So clearly, now, the debate is over – Climate change is all-too-real, “a” if not “the” principal cause is carbon emissions related to human activity, and many of the expected effects of climate change – extreme weather, disruption of food supplies, shifting disease vectors among them – pose grave threats to public health. The landmark Paris climate accord this past December left no doubt – global carbon emissions must be reduced, radically and rapidly.
So why is Ernest Pyle, president of the American Energy Alliance, celebrating, in today’s Clarion-Ledger, a court-related delay in the Environmental Protection Agency’s imposition of state-by-state carbon emissions? Yes, Mr. Pyle, regulation to cut carbon pollution may mean that “higher costs will be passed on to Mississippi families in the form of higher energy bills.” But it just may be that those families recognize that a hopefully healthy future for their children, grandchildren and great grandchildren is worth the price of some higher costs now.
Short-term pocketbook issues are real, but they’re not all there is, certainly not when a livable future hangs in the balance. Let’s take our heads out of the sand once and for all, and look ahead to the long term.
Eyes around the country are on Flint, Michigan, where a money-saving switch in water source has led to dangerous levels of lead leeching into the water supply, disproportionately affecting poor children and threatening all drinkers’ health, both immediately and for years to come. There’s plenty of blame for bad decision-making, incompetence, and poor response to go around. Michigan Governor Synder has taken his share of blame, apologized, and promised to correct the problem.
The Flint debacle is fraught with issues – of race, poverty, and austerity politics among them. But how unique is Flint, really? A key proximate cause of the lead contamination is a badly decaying water carrying infrastructure – a condition plaguing urban areas, large and small, in the “rust belt” and outside it, all over the country. Is Flint unique, or just first? We can only neglect fundamental conditions of sanitation and safety before human health starts to suffer – often in painfully dramatic fashion.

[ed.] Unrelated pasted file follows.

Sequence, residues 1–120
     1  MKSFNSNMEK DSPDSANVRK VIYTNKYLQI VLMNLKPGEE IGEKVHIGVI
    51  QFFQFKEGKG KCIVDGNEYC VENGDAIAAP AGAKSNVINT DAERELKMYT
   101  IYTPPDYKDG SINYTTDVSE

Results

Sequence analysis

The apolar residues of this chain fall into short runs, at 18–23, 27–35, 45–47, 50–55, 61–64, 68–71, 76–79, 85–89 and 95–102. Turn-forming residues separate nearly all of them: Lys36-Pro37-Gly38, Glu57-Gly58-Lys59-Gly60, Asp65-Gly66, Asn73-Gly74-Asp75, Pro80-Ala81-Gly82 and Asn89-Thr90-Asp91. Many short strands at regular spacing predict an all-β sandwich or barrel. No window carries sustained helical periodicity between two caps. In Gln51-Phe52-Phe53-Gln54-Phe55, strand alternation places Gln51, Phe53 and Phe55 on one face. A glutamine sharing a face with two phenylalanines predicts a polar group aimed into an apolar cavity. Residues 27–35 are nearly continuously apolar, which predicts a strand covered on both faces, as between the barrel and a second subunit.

I spent some productive time yesterday afternoon with Ryan Kelly, current chair of my Dean’s Council (external supporters/advisory group), looking ahead to 2016. There’s a lot on the agenda, including formation of three core Council committees – in “workforce data,” “professional development,” and “fund-raising.” The intent is to boost engagement of Council around issues of importance to the CoH in ways that substantially advances the mission. In addition to new member recruitment, and near-certainty that we’ll sponsor another innovative “Health Summit” by summer, I look forward to a busy and exciting spring under Mr. Kelly’s leadership.
Since so many things do not go as either planned or hoped for, it’s quite refreshing when they do. Such is the case with the planning for a new College of Health/College of Business building on the Gulf Park campus.
Work with colleagues in CoB, VP Steve Miller, and the architect group McCarty and Associates could hardly have gone more smoothly, as we’ve worked our way through the phases of planning the new structure, which will include first-floor classrooms and second-floor faculty and administrative offices.
I tend to mix up my document names, but I believe we have now successfully navigated the waters of “Schematic Design” and “Design Development,” leaving McCarty to craft the detailed “Construction Documents” that will guide the actual building process.
Oh, if we could only report similar progress with the Joseph Greene Hall project on the Hattiesburg campus! The contrast between the two building tales is not quite one of tortoise and hare – but the analogy is not too far off.
The Paris talks on climate action by the world’s nations start today in the shadow of the recent terrorist attacks. It’s safe to say that anxiety is running high, for a number of reasons.
To be sure, Parisian/French security concerns, with scores of diplomats gathering in one place, are at center stage. Scheduled public demonstrations by groups pressing for strong climate action have been banned, and for the most part the ban has been respected by climate activists.
But anxiety is apparent elsewhere, as well, with large popular demonstrations demanding climate action cropping up across the globe. As climate scientists attest that destructive climate change is already well underway – melting glaciers and massive storms get top billing, but damaging health effects due to ecological disruption are also coming more and more into news focus – the sense that “time is running out” appears to be gaining in the popular consciousness.
If so, it is arriving none too soon.